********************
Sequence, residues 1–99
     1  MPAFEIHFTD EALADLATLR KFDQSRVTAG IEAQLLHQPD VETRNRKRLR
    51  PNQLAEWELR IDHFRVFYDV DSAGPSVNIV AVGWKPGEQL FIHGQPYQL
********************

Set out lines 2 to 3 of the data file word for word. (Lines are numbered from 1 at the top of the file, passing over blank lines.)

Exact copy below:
     1  MPAFEIHFTD EALADLATLR KFDQSRVTAG IEAQLLHQPD VETRNRKRLR
    51  PNQLAEWELR IDHFRVFYDV DSAGPSVNIV AVGWKPGEQL FIHGQPYQL